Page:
Zero-tolerance laws carry severe and sometimes draconian consequences for those finding themselves on the wrong side of the law. Regulations particularly affect drivers arrested for DUI who are under the age of 21.
Simply put, no tolerance requires mandatory enforcement of violations, no matter how severe. Intent or extenuating circumstances are ignored as well. Penalties are objective and not subjective without any “wiggle room” afforded in other laws.
The most common zero-tolerance laws involved drinking and driving and were created for underage drinkers. Any driver with any level of alcohol can be subject to criminal charges and prosecution.
A quantum shift in DUI law
Drunk driving laws in the United States changed when the U.S. Congress passed the National Minimum Drinking Age Act, mandating that states increase the legal drinking age to 21. By 1988, all 50 states were on board.
By the 1990s, zero-tolerance policies were growing in popularity with a strict focus on underage drinkers and drug users. By the middle of the decade, The National Highway Systems Designation Act of 1995 ordered states to consider enacting laws involving BAC levels of 0.02 percent or lower for underage drivers to qualify for Federal-Aid Highway Funds.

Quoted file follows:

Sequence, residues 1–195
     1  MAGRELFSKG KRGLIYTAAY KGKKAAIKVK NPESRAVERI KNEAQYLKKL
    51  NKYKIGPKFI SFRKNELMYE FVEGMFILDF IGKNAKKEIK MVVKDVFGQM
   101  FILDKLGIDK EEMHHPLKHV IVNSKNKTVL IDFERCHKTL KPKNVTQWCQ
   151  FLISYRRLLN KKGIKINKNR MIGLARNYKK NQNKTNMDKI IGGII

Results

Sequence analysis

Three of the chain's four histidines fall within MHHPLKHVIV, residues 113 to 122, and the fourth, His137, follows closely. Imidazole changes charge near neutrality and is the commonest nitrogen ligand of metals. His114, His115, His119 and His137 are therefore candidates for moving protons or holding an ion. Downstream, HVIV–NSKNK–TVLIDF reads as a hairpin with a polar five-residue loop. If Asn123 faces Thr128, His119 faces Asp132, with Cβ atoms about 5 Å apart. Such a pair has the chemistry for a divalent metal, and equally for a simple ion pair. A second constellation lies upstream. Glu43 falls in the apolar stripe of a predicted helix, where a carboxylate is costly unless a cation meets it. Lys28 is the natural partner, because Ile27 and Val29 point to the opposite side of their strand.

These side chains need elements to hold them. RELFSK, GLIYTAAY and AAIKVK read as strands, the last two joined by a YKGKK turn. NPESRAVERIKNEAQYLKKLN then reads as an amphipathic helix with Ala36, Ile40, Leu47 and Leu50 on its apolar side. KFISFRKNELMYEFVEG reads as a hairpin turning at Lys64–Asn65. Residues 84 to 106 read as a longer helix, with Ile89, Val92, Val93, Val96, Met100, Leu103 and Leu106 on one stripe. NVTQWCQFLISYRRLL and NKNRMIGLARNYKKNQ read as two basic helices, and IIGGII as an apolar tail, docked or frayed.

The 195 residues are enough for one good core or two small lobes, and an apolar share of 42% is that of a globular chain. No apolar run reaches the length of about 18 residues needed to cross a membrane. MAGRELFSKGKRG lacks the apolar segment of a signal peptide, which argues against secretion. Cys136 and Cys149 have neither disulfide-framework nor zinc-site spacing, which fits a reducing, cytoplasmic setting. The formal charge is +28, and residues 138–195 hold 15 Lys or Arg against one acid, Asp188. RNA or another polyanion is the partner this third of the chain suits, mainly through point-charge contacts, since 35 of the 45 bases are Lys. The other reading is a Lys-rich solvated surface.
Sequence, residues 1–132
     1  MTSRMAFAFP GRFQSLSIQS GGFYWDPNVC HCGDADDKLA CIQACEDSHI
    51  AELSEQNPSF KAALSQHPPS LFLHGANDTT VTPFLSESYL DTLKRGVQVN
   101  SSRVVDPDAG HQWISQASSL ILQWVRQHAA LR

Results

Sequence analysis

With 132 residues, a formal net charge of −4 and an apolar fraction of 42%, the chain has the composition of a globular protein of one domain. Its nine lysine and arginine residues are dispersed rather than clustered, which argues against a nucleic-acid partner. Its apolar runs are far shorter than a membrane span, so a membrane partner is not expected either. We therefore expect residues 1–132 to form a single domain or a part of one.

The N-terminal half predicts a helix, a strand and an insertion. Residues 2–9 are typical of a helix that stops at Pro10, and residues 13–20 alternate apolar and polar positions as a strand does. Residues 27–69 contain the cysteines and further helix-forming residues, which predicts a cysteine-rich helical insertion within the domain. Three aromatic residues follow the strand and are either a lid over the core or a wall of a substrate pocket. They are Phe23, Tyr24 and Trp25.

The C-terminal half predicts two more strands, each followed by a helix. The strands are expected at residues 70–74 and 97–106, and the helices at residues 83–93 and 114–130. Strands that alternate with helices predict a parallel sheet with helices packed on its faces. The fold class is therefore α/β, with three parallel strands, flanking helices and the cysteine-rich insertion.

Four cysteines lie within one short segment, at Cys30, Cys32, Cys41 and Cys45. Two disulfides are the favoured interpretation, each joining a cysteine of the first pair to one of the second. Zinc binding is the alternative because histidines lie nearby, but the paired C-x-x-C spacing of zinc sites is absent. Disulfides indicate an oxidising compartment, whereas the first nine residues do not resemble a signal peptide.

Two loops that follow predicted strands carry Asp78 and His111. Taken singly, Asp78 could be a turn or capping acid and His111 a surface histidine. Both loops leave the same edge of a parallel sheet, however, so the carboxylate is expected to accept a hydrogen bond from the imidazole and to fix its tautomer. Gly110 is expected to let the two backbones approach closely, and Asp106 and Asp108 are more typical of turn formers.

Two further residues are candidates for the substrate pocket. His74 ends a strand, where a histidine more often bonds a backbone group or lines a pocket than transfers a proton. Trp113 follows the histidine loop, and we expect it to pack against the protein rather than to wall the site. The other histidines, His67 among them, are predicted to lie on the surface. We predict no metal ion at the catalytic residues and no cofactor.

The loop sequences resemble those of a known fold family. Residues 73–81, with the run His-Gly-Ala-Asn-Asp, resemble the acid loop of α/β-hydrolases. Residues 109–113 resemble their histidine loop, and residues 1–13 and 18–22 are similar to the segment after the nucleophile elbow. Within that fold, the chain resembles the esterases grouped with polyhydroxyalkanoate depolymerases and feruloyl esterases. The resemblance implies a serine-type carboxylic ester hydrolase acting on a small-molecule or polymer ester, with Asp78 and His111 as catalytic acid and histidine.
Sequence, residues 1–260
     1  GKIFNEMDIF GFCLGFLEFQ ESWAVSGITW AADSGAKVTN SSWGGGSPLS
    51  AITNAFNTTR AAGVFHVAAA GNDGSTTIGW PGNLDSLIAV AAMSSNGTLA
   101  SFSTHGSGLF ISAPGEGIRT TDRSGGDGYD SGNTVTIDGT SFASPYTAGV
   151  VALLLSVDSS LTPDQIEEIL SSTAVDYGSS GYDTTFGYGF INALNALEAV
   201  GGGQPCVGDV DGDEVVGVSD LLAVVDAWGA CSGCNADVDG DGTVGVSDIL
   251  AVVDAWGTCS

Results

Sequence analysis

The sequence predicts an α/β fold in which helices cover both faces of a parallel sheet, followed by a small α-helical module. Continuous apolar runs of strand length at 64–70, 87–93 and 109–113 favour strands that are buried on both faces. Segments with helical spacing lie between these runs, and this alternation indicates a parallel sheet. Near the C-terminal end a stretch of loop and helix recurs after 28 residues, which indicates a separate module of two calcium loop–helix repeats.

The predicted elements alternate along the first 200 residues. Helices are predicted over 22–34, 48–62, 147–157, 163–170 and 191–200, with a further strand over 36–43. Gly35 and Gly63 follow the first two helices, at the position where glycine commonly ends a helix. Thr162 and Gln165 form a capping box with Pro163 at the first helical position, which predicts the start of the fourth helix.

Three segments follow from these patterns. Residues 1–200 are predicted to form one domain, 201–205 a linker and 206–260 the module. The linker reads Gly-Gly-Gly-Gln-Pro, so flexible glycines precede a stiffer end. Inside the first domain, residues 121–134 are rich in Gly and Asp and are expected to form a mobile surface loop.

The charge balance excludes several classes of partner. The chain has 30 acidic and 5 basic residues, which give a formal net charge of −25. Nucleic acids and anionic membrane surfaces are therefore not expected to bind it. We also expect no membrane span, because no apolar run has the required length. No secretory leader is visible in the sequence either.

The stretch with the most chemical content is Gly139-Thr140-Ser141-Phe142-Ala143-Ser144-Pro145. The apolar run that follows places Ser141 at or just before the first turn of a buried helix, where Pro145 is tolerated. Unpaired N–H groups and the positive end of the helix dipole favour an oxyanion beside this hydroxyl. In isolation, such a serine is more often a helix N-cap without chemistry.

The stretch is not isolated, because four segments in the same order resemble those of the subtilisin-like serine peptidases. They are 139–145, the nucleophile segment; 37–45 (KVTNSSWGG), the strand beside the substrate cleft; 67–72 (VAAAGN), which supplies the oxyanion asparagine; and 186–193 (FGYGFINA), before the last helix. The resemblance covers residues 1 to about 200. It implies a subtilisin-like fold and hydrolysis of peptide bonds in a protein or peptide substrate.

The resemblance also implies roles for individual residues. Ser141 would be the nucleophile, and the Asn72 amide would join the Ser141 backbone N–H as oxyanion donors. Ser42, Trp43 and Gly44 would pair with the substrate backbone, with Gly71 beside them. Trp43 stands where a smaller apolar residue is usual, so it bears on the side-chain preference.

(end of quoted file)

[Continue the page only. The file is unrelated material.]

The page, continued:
As a “per se offense,” law enforcement is not required to prove a driver is intoxicated, provided that the driver’s BAC is above the legal limit.
Troubling statistics reveal that accidents involving drivers younger than 21 are more likely to result in death if they consume alcohol before getting behind the wheel. The National Highway Traffic Safety Administration (NHTSA) found alcohol involvement as part of fatal accidents doubles the statistic for drivers older than 21. Underage consumption at low levels accelerates the risk.
Enforcement of zero tolerance has not been without controversy. Claims of Black children disproportionally impacted and allegations of unjust punitive measures by not considering extenuating circumstances.